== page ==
Unless you’ve been on holiday, living under a rock or going cold turkey on football-related news this week, you’ll be well aware of what’s been going on at Manchester City since the start of the season.
In City’s first competitive game, Pep Guardiola dropped City number one Joe Hart, playing Willy Caballero between the sticks instead.
This was followed up by a Champions League outing that also saw Hart on the bench, and another Premier League game against Stoke without the England keeper.
And now, Barcelona have confirmed that their goalkeeper Claudio Bravo is on the way to Etihad.
Joe Hart out, Claudio Bravo in at Manchester City?
— BBC Sport (@BBCSport) August 22, 2016
In short, it looks like Joe Hart’s Man City career is over.
And in a way, it’s probably not a bad thing. For the last few years, Hart has had very little competition for the number one jerseys for club and country, and it could be argued that he has stagnated a little in that time.
Competition is usually what forces players to the next level, and without that, Hart has been assured of his place; something which has probably been to his detriment.
— Sky Sports News HQ (@SkySportsNewsHQ) August 22, 2016
A loan move looks the most likely option, with Everton reportedly keen on taking Hart on a season-long swich, and in my view, that’d be a good move for the goalkeeper.
In reality, Hart still has a long time left in the game. Goalkeepers generally play into their late-30s, so this isn’t really “panic stations” time for him, he’ll get another club and he can rebuild his reputation.
But whilst it isn’t catastrophic for Hart, my view is that the way Guardiola has treated him is very shabbily indeed.
For a start, if Guardiola didn’t fancy the player, he could have let him know months ago and let him make alternative arrangements. It should be remembered Guardiola has known about the fact that he’d be at City this season for about the last 10 months – he was always coming to the Etihad.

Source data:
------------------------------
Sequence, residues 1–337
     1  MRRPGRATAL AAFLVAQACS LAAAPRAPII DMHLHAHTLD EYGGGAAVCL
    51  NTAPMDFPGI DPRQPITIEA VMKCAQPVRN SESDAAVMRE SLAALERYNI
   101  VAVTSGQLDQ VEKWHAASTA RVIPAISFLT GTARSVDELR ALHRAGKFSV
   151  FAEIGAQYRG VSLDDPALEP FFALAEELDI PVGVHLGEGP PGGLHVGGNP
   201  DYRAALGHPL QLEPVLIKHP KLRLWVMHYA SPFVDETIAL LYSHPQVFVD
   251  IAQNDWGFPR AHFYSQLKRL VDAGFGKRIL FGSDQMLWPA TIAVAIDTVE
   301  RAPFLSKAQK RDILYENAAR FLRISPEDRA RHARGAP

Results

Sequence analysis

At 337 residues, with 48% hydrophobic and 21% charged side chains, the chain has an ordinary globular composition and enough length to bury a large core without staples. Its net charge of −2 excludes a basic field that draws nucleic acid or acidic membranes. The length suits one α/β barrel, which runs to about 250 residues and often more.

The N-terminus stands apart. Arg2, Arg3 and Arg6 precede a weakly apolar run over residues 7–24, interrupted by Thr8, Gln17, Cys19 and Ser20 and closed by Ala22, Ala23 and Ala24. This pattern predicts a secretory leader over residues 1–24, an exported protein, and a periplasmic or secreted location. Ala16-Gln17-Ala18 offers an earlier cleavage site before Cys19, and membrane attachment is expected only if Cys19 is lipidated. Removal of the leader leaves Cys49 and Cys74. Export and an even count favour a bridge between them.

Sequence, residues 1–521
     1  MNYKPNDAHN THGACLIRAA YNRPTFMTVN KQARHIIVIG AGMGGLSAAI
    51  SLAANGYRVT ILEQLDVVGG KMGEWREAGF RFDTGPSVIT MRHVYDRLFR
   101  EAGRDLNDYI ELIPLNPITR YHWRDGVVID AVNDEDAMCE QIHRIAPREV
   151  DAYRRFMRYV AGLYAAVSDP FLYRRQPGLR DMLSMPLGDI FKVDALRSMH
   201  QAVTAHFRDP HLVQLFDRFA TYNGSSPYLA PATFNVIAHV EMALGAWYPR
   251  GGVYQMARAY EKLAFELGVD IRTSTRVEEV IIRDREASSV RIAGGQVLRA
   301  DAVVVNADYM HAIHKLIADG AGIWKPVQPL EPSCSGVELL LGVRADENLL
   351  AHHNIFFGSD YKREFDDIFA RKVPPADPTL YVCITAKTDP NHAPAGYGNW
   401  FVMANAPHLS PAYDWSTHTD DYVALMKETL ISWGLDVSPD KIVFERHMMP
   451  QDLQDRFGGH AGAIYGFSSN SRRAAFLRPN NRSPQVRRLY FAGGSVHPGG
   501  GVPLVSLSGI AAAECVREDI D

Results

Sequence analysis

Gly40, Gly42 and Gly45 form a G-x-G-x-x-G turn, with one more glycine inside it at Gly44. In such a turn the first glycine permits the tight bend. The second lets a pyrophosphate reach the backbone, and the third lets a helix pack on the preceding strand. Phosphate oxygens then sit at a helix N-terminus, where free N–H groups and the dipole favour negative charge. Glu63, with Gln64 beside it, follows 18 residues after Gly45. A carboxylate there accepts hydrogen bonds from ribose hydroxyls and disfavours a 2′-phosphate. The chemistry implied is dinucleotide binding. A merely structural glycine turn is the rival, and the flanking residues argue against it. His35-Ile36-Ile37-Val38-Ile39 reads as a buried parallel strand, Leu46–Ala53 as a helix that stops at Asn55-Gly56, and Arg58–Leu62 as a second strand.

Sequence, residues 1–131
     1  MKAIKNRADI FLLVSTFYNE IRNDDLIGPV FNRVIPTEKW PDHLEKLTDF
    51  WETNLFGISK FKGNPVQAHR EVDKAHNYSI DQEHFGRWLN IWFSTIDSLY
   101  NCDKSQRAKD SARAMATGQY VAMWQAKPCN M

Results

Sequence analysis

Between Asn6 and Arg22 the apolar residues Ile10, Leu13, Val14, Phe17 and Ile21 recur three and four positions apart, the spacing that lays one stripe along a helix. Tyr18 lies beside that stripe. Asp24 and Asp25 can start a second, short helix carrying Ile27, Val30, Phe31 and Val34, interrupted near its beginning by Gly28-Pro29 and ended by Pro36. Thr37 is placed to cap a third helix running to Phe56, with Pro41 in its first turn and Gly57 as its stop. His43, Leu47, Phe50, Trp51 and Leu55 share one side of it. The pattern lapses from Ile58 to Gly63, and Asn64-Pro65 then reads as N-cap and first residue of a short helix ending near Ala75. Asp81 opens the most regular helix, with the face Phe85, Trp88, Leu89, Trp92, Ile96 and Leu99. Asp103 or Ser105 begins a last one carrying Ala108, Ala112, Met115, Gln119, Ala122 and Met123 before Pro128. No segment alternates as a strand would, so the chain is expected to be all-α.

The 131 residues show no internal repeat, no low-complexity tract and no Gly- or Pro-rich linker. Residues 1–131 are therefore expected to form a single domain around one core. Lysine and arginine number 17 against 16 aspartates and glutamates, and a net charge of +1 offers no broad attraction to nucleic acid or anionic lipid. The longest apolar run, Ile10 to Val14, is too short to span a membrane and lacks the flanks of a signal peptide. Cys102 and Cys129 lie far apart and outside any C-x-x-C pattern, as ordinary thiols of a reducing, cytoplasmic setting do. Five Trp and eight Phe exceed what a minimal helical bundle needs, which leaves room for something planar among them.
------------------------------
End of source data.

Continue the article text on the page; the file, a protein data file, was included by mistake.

And quite clearly, he’s not a big fan of Joe Hart. That’s fine, he doesn’t have to like every player; and if Hart doesn’t fit his style of football, then he’s well within his rights to move him on.
But he didn’t have to do it in the way he’s done it.
Imagine if Joe Hart had known that Guardiola didn’t want him at the club back in May. His agent could have started phoning round, getting other clubs interested, and got Hart a new club.
He’d have been able to have a good, solid preseason with the new club, and give himself the best chance of a good season after what was a poor Euro 2016 for the keeper.
But Guardiola didn’t do that.
Instead he just left him out. He embarrassed the guy, leaving him on the bench, and then told him he can leave.
He publicly hung him out to dry.
Guardiola might be regarded as a master tactician, but as far as common decency is concerned, the Spaniard is seriously lacking in my opinion.
It might be the right decision, but it’s been executed in an unacceptable way, and Guardiola has upset a lot of City and England fans with his disrespectful behaviour – and they have a right to be upset.
Good luck Joe, and shame on you Pep.